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On any android device 99.5% of the apps want the permission "Write / Read contents of SD card" in a combination with "Full network access".

Theoretically these 2 permissions are enough for the app to read all of my personal files (cloud storage) and send them to their server. Is there a way to only permit apps access to their folders?

Why do all apps have access to all folders? Why is such a basic concept not implemented?

  • You would need a permissions manager. Look around on this site. Your question is already answered. (Hint: apps like XPrivacy, Privacy Guard, and more). – Firelord Aug 24 '15 at 21:08
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Folder level permissions are not a good choice for sdcard (whether it is emulated or external). It makes things more complicated.

By default, sdcards are mounted noexec, no binaries are able to execute from sdcard. Needless to mention, many external sdcards at the moment are formatted with fat32, permissions arent an option for them.

Every app has their own uid/gid. If an app has to have exclusive read/write permissions (preventing other apps to read that content) onto a folder on sdcard, then chances are that the folder is inaccessible to other apps. This kind of situation breaks things.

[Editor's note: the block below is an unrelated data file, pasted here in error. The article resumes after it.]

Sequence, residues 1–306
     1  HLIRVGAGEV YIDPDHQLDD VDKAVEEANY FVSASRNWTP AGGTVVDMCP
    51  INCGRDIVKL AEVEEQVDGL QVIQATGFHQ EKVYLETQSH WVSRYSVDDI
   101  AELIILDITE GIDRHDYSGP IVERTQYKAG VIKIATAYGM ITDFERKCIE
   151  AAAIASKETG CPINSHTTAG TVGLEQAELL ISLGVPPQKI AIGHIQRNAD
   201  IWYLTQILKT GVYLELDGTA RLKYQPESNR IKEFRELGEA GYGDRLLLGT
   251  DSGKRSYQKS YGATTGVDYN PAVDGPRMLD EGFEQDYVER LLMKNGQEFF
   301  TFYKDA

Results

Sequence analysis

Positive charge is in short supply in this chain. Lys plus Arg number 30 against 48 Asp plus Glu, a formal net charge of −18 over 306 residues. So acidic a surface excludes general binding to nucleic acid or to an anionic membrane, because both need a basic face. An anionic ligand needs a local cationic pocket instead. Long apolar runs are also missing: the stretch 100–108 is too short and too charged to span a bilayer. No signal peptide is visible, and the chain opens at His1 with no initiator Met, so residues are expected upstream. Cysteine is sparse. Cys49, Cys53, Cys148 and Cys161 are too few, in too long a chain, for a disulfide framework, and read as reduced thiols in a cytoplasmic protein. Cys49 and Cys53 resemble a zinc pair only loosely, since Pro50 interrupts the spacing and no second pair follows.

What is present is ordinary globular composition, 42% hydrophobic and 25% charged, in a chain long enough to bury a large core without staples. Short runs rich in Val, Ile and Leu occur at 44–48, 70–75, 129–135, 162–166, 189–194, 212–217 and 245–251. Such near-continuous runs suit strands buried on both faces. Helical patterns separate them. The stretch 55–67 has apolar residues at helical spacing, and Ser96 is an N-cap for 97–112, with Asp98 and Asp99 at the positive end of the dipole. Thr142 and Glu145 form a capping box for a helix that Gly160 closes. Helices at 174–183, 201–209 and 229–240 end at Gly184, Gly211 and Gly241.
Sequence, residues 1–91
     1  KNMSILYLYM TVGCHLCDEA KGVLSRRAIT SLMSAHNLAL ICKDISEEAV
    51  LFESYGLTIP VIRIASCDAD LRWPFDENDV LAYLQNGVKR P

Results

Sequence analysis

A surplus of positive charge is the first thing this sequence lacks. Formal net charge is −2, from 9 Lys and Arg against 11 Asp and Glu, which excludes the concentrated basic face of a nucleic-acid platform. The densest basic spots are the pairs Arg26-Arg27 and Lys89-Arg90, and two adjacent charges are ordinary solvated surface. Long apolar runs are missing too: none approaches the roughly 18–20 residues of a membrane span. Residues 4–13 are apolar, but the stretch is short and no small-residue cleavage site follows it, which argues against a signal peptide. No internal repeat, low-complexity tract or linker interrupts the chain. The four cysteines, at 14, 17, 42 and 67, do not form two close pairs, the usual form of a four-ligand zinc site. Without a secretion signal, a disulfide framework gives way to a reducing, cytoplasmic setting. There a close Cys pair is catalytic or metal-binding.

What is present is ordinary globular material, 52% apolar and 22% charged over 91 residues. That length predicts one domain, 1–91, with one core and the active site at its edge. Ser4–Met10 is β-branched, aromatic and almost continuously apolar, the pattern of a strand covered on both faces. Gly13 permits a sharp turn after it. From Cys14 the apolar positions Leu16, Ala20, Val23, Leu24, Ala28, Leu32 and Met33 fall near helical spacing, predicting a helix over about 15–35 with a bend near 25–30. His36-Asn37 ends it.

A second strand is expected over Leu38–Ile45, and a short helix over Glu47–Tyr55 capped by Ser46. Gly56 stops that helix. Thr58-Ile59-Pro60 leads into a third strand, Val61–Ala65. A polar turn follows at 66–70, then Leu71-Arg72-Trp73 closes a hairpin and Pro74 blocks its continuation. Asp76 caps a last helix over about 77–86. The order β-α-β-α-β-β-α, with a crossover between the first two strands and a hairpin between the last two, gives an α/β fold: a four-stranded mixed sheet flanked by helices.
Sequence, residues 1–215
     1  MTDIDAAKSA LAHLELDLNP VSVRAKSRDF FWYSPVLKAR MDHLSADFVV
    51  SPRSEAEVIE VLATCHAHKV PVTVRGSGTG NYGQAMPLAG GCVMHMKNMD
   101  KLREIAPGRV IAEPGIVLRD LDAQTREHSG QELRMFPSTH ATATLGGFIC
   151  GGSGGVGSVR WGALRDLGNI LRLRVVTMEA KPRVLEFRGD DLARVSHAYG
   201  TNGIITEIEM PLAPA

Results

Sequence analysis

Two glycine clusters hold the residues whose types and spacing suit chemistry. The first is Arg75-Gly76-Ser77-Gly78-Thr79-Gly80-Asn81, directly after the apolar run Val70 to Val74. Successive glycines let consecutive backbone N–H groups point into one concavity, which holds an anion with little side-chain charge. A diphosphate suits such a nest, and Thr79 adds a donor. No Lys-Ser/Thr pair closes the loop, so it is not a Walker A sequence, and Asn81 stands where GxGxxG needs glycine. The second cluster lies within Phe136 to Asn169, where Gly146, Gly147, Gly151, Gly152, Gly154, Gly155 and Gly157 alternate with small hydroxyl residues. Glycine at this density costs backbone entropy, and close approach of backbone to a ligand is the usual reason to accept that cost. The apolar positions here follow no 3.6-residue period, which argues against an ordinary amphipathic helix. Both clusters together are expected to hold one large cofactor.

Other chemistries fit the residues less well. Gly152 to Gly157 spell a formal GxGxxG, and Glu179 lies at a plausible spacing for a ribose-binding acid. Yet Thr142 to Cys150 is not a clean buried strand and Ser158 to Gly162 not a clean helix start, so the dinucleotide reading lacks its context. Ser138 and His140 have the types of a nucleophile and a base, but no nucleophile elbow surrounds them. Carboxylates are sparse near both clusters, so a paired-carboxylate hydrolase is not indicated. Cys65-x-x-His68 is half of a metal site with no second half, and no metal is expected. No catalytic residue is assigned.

For eg, Music files go under Music folder on sdcard. If that folder has exclusive permissions to only a particular music app, then U cannot have multiple music players on your device.

Another example is a third party file manager cannot even access all the content on sdcard, which makes file manager pointless.

If at all such concept is available, chances are that android/google enforces sorting of files/folders on our sdcards. I wouldn't prefer that. I would rather like to have files/folders sorted the way I prefer, not the way someone enforces me to.

  • Bharat G, hi, noexec can be overriden on a rooted device by exec'ing the binary as su from the sdcard in the same fashion of a script ./binary – moonbutt74 Aug 24 '15 at 22:13
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Why do all apps have access to all folders?

That's because that's the explicit purpose of external storage, to share data between applications that have not necessarily been designed to work together.

If an application you use is storing private data in external storage, stop using that application. Application developers and users alike often got the misconception that external storage is for storing large files. That thinking is wrong and dangerous. If a data isn't intended to be shared, they should be stored in the internal storage, no matter how large they are. Another dangerous misconception is equating external storage with SD Card.

Why is such a basic concept not implemented?

That's an incorrect assumption. As of Android 4.4, applications can access an application specific directory in the external storage without holding the broad READ_EXTERNAL_STORAGE/WRITE_EXTERNAL_STORAGE permission. Starting from Android 4.4, those permissions are only necessary if an application wants to either use data shared by another application through external storage.

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